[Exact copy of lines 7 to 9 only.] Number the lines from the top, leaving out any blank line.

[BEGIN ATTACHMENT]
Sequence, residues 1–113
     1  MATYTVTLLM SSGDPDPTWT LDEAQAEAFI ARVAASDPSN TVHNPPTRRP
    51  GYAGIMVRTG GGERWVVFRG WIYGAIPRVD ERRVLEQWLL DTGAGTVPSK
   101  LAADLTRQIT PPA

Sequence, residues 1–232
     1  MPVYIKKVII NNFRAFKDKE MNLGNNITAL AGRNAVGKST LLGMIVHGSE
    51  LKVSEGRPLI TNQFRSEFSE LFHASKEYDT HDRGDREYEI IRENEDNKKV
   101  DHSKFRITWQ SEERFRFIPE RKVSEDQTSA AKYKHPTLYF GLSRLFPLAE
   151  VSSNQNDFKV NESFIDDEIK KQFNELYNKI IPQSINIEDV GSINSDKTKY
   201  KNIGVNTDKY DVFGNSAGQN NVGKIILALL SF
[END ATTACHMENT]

    51  LKVSEGRPLI TNQFRSEFSE LFHASKEYDT HDRGDREYEI IRENEDNKKV
   101  DHSKFRITWQ SEERFRFIPE RKVSEDQTSA AKYKHPTLYF GLSRLFPLAE
   151  VSSNQNDFKV NESFIDDEIK KQFNELYNKI IPQSINIEDV GSINSDKTKY